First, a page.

In figure 2(b) we can observe several buttons,
which allow us to go from one word to the previous or to the following
one in the category-class, or to go to the first or last word in the
category-class. The button with a "magnifying glass" allows
us to search for a particular word inside the category-class. At the
same time, it is also possible to obtain a list of all the words or
lessons in that category-class and to select one of them for direct
access. Other functions offered include a button to exit the
category-class and the possibility to hide the writing associated with
Figure 3: (a) Control of student performance in TEDA. (b)
Main page of PDIWeb
Figure 3(a) shows the monitoring of a pupil's evolution after carrying
out a self-evaluation exercise set on a screen. The student is controlled
and corrected by the system all the time. TEDA presents several types of
- An image (concept) is presented to the student and he/she should select
the word associated with this image from several options.
- An image is shown to the pupil and he/she should type the Spanish word
associated with this image.
- A word is pronounced and the student should choose the correct answer
from among several options.
- A specific word is pronounced and the student should type it.
The use of TEDA can be completed while performing other activities.
For example, the planning and creation of experimental communication situations
in different environments or activities is interesting. We should keep
in mind that the immediate use of the vocabulary selected or the new elements
included will make learning and the appearance of new communicative behaviors
easier [Marcos 2001].
At present, the system developed is being used in several Spanish schools
(16). Apart from its main function (the tele-teaching of the Spanish language
to people with hearing, speech or other impairments), and thanks to the
attractiveness that everything related with computers and the Internet
has nowadays, the system may also be used in other applications: Spanish
language teaching in Children's Education or Spanish reading and writing
teaching to beginners by means of play. This is especially useful with
students of certain collectives (immigrants, ethnic minorities, foreigners,
...) that have difficulties in learning Spanish and are subjected to a
difficult process of linguistic immersion.
PDIWeb is a web simulator, based on the architecture of a pipelined
MIPS processor with an instruction set of 64 bits, which simulates the
dynamic scheduling instruction using two different techniques: one centralized
by means of the Scoreboard method, and another distributed according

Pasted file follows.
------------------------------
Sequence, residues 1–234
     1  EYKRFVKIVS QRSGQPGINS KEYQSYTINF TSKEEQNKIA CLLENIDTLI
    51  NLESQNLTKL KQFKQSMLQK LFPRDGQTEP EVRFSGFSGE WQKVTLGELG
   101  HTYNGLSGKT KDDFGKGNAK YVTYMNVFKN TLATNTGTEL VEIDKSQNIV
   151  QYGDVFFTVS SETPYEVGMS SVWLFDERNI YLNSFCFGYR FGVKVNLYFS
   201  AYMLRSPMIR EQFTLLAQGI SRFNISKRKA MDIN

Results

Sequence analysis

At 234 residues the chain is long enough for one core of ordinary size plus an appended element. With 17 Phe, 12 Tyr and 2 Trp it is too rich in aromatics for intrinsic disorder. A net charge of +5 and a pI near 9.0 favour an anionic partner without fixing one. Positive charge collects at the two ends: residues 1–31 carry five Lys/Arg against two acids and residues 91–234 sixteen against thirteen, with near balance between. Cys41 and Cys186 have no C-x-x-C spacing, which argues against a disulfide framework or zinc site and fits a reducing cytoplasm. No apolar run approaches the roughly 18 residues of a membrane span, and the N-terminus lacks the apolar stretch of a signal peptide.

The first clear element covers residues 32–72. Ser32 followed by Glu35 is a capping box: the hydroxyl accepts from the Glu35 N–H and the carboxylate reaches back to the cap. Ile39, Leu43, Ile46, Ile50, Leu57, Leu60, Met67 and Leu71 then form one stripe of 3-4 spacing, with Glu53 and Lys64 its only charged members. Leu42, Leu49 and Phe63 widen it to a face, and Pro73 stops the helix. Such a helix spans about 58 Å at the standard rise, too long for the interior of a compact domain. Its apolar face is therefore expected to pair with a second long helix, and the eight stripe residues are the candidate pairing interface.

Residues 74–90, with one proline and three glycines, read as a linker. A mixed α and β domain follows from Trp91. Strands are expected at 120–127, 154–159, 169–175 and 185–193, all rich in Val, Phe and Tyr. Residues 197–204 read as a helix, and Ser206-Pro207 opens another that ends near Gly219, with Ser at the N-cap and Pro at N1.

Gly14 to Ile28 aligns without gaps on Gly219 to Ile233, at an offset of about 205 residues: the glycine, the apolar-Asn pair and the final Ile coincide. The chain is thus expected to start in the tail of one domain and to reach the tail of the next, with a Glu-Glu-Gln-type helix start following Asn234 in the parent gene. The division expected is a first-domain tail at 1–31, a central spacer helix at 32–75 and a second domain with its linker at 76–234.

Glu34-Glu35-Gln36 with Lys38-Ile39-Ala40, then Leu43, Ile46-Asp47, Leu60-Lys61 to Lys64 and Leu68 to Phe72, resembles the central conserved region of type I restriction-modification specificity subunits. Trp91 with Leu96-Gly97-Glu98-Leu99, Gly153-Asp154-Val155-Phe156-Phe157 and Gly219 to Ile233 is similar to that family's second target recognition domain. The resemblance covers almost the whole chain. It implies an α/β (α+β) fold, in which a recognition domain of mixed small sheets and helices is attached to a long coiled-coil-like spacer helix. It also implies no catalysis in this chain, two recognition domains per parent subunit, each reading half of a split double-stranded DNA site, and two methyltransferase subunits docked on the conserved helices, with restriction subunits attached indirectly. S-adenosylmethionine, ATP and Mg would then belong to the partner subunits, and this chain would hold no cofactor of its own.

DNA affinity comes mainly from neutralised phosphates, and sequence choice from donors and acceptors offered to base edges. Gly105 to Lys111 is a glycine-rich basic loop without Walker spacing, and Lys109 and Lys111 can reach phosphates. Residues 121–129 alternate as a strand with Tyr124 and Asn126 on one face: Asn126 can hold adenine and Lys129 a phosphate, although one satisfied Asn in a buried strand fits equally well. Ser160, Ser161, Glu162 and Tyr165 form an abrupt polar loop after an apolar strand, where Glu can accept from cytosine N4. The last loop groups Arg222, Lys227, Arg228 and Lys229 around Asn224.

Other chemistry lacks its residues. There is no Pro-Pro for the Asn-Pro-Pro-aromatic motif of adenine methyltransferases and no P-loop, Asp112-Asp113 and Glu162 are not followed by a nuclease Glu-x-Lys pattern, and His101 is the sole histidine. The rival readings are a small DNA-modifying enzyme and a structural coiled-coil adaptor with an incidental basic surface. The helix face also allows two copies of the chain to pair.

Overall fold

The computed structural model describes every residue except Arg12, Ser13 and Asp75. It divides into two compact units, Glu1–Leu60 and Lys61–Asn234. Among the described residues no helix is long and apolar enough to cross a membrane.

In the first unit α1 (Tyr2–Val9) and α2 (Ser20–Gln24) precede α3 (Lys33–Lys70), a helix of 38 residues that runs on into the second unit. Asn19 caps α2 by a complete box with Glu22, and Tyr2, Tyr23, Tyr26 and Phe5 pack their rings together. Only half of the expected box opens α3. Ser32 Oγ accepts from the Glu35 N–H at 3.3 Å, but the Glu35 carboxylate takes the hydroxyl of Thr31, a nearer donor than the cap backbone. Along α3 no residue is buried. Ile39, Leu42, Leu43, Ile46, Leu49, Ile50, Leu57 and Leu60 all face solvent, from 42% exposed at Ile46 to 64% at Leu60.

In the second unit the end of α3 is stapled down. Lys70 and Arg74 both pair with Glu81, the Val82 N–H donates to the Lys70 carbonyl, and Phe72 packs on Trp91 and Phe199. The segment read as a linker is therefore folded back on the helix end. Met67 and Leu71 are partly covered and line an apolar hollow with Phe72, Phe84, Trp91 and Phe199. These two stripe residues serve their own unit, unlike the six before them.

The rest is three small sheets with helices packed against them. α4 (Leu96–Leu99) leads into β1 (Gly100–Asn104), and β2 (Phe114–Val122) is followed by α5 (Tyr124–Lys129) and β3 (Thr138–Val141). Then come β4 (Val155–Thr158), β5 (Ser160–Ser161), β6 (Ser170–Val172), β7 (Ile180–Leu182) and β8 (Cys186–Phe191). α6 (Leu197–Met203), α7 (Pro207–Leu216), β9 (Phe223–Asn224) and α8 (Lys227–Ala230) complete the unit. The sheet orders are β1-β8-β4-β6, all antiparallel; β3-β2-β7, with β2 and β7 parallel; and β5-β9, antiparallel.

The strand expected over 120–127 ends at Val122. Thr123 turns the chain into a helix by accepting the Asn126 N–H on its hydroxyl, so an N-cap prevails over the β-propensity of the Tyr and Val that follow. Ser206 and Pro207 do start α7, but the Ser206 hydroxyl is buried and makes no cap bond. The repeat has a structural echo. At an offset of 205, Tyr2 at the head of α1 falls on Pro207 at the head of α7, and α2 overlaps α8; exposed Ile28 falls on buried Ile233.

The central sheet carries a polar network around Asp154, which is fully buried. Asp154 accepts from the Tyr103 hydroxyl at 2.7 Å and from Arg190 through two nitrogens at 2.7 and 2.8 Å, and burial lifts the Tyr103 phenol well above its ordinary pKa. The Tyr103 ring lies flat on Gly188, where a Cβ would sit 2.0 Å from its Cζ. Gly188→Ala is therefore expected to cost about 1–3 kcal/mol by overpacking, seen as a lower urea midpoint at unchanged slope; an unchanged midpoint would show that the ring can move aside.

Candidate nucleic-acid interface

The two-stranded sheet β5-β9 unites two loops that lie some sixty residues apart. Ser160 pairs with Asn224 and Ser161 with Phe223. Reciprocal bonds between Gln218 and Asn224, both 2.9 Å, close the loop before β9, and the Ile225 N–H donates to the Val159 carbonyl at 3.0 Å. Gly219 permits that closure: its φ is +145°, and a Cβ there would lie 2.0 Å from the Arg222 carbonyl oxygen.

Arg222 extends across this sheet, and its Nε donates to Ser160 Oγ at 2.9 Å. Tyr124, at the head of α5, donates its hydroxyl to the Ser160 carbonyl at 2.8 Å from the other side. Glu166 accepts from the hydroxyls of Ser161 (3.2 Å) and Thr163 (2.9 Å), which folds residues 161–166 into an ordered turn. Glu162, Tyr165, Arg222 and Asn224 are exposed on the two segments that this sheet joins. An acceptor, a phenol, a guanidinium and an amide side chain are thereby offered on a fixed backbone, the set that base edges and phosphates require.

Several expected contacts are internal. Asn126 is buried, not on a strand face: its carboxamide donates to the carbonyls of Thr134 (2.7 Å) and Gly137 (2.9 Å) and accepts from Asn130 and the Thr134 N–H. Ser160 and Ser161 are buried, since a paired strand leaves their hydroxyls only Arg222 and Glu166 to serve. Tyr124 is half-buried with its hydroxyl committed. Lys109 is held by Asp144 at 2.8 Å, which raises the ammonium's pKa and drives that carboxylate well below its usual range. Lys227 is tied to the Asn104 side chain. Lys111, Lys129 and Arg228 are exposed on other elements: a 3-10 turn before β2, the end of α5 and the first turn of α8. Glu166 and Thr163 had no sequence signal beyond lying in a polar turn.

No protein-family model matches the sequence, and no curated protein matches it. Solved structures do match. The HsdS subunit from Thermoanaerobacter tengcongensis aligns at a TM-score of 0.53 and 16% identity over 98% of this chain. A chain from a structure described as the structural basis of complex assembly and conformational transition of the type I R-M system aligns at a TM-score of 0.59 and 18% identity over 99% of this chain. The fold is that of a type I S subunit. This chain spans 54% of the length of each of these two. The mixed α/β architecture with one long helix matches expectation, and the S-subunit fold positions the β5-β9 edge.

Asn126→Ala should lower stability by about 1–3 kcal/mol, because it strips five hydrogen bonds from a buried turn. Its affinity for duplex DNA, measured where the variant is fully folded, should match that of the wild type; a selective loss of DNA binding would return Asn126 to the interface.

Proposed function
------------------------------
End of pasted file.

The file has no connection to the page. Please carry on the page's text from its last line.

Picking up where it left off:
to the Tomasulo algorithm [Hennessy 2003].
The simulator does not require any installation in the PC by the student,
since it is executed through Internet by a remote server. Furthermore,
the simulator has been successfully tested in the latest versions of Internet
Explorer and Netscape.
Figure 3(b) shows the simulator's main
page. This web page contains the main menu of the platform. The
student can see a help text by moving the mouse over each option. The
following subsections describe the PDIWeb menu briefly.
4.1 Scoreboard and Tomasulo
The web pages for Scoreboard and Tomasulo are similar. As an
example, figure 4 presents the web page for the
Scoreboard method. This web page contains a menu, followed by the
options that control the simulation progress: Partial Cycle,
Current Cycle, Previous and Next. Partial
Cycle allows the use of breakpoints or complete simulations
(without stops). The rest of the page is occupied by the tables used
by the Scoreboard method: Instruction Status, Register Result Status,
Functional Unit Status, and Stage Status.
Figure 4: Web page for the Scoreboard method: from top to
By means of the menu options the student can: go back to the main
page (option Main Page, figure 3(b)), start a
simulation (option Go Simulation!!!), go to the code editor
(option Code Editor) in order to change the program to
simulate, print a simulation (option Print Simulation),
configure the functional units in the processor (option F.U.
Configuration), and show the statistics about hazards (in
graphical, percentage and numerical format) for the current simulation
When the student prints a simulation, the report includes: the tables
of the Scoreboard with the current simulation results, the current simulation
cycle, the hazards and the configuration of the functional units.
4.2 Code Editor
Figure 5(a) presents the code editor, where the
student can indicate the program to simulate. In the central area, there
is a text editing window (where the user will introduce the code and instructions
of the program to simulate) and information about the instruction subset
of MIPS64 accepted by the simulator. At the top there is a menu with the
different editor functions. Briefly, the editor options allow us to type
the code of a program, delete this code, check the validity of the typed
code, save this code in a file or open a code file, display several example
Figure 5: (a) Page with the code editor. (b) Page with the